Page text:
Last week, we discussed the implications of Freddie Freeman's long-term extension on the status of Giancarlo Stanton. The basic point was that Freeman's contract essentially precluded Miami from signing Stanton because the deal was so expensive and early in the team control years. Dave Cameron of FanGraphs noted the same thing as well:
There’s no question that teams are throwing more and more money at players who haven’t reached free agency; this is the 15th extension of $100+ million signed in the last three years by a player who was still under team control for at least another year. Players no longer have to reach the open market in order to obtain nine figure contracts, and as we’ve seen with Joey Votto, Elvis Andrus, and now Freddie Freeman, players don’t even have to get to their walk year to land a monster extension anymore. And while this shift towards big money deals for non-free agents is a new thing in MLB, it might be part of an ongoing trend that is shifting baseball’s payroll distribution back to what it was before "the PED era".
Essentially, Cameron goes on to explain that this has been a market correction for the PED era's trend of paying older players more of the share of the total revenue. Now that the PED era's aging lions are mostly out of baseball, the game is reverting to redistribute the wealth to players ages 26 to 30. And as Cameron notes, that is probably the right thing to do, since players of that age tend to be the most productive. The fact that they are still under team control has not stemmed the tide of this so-called "correction."
But the Marlins, being a team that chronically complains of being cash-strapped and neglected at the stadium by its fans, cannot follow that ongoing tide. Miami is clearly at risk of losing Stanton within the next two years to a trade simply because Miami cannot afford $100 million-plus, eight-year contracts that could tie up the majority of their payroll. Aside from one seemingly foolhardy season, owner Jeffrey Loria has shown no interest in investing into the club's payroll, and there is no reason to believe that that will change.
Oddly enough, that has not yet fully deterred Stanton from the idea of signing a long-term contract with the Marlins, according to the latest from MLB.com's Joe Frisaro.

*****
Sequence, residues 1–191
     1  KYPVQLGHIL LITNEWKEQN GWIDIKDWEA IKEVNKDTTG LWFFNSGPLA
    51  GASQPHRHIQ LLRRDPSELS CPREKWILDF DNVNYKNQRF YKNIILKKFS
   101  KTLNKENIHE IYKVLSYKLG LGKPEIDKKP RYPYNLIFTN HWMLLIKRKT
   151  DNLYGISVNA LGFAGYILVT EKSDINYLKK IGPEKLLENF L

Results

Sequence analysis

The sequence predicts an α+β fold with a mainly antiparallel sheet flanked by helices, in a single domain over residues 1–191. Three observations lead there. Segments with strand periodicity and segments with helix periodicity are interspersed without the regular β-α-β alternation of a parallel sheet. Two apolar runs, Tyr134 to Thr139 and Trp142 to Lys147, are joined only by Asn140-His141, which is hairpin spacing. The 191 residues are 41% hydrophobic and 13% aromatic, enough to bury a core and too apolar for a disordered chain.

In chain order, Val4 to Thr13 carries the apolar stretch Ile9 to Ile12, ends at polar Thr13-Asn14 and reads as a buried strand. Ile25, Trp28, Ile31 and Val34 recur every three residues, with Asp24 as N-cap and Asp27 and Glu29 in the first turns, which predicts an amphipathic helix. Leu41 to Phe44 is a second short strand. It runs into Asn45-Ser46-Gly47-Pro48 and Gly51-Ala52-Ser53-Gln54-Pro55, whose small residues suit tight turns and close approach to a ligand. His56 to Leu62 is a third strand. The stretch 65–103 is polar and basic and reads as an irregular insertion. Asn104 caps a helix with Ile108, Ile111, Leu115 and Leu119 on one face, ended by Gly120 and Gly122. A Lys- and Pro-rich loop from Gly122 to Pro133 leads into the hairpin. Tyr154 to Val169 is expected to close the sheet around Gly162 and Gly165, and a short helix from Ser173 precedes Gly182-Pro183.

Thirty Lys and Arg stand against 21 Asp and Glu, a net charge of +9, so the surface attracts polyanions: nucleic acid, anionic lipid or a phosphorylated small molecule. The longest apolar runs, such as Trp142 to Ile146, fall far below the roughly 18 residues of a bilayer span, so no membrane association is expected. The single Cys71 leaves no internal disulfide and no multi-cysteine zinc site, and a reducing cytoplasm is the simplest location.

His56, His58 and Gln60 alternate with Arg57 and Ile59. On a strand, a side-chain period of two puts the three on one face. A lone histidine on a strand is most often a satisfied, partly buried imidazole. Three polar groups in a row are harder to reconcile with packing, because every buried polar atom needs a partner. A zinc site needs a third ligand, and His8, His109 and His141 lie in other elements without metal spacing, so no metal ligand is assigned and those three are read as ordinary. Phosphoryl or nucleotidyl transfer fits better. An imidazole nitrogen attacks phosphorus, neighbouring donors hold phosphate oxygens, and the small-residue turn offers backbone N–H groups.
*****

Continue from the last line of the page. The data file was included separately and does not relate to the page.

Miami officials have repeatedly said publicly they would like to sign Stanton to a multiyear deal. But the two sides agreed early in the offseason to hammer out a contract for 2014 and then wait and see.
Stanton clearly wants to see results.
"In order for the team to have security, that doesn't happen in two seconds," he said. "That happens over a season or over two seasons. You show me that, and we can get something going."
Stanton says the word "security" quite often in that article, and he means it in the sense that he wants the security of a long-term deal and, it would seem, long-term team viability. The Marlins are obviously at least interested in the former, but the latter remains a concern. The Fish clearly have a bright future between its current set of interesting players and its talented farm system. The problem of finding a star beside Stanton is solved with Jose Fernandez taking the world by storm last season. The Marlins surprisingly have very few problems at the top of the roster, and there is promise deep within the bowels of the farm.
The problem is how Miami will bridge the gap in between. The franchise is going to struggle in 2014, and the odds are on it struggling in 2015 as well. Why would Stanton commit to a losing franchise? More importantly, what could the Marlins even really do to convince him about the team's long-term "security" as a contender in the NL East? Given five patient years, Miami could prove to be a good spot to settle down long-term, but the Fish really have just two seasons and change at best to convince Stanton. There may just not be enough time.
This does not account for the money issue and the team's checkered past. Miami may say that they want Stanton long-term, but the precedent for such a deal has been set. If the team waits until 2015 or right before 2016 to sign a contract, it might look like a 12-year, Joey Votto-style pact, which would be too much for the team to swallow. Given the team's onerous history of fire sales and rebuilds on the whimsy of a difficult owner, how can Stanton be convinced of "security" in such a place?
The questions Stanton brings up are legitimate ones; after all, he would be signing away a potentially larger payday in free agency by signing an extension now. If that's the case, can Miami deliver on the promise of "security," given their historical pitfalls? The good money is still on "no."
- Mike Dunn interview: Spring Training for the Troops, Marlins, and the 2014 season
- The reason behind the 2014 Marlins patchwork offseason
- Miami Marlins sign reliever Chaz Roe to minor league contract
- Miami Marlins confident in 2014 bullpen after key additions
- Fish Bites: Marlins' Perry Hill named baseball's best infield instructor